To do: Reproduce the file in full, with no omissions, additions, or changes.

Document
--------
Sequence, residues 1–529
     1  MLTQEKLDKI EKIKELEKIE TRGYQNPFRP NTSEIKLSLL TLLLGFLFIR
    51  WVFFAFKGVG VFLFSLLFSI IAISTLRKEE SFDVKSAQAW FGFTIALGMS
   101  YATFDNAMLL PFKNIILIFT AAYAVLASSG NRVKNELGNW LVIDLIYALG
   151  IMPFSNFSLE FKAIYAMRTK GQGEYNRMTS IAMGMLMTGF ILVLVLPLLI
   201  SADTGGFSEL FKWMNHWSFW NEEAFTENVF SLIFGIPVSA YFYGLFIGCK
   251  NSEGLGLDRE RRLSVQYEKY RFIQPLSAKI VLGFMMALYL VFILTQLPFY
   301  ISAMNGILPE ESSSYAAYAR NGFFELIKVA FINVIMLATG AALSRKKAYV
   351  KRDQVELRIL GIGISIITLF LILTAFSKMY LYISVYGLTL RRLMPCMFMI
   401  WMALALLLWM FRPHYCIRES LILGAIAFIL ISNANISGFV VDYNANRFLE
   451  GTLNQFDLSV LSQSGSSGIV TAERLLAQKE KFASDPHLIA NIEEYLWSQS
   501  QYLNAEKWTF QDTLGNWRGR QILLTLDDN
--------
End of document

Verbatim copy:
Sequence, residues 1–529
     1  MLTQEKLDKI EKIKELEKIE TRGYQNPFRP NTSEIKLSLL TLLLGFLFIR
    51  WVFFAFKGVG VFLFSLLFSI IAISTLRKEE SFDVKSAQAW FGFTIALGMS
   101  YATFDNAMLL PFKNIILIFT AAYAVLASSG NRVKNELGNW LVIDLIYALG
   151  IMPFSNFSLE FKAIYAMRTK GQGEYNRMTS IAMGMLMTGF ILVLVLPLLI
   201  SADTGGFSEL FKWMNHWSFW NEEAFTENVF SLIFGIPVSA YFYGLFIGCK
   251  NSEGLGLDRE RRLSVQYEKY RFIQPLSAKI VLGFMMALYL VFILTQLPFY
   301  ISAMNGILPE ESSSYAAYAR NGFFELIKVA FINVIMLATG AALSRKKAYV
   351  KRDQVELRIL GIGISIITLF LILTAFSKMY LYISVYGLTL RRLMPCMFMI
   401  WMALALLLWM FRPHYCIRES LILGAIAFIL ISNANISGFV VDYNANRFLE
   451  GTLNQFDLSV LSQSGSSGIV TAERLLAQKE KFASDPHLIA NIEEYLWSQS
   501  QYLNAEKWTF QDTLGNWRGR QILLTLDDN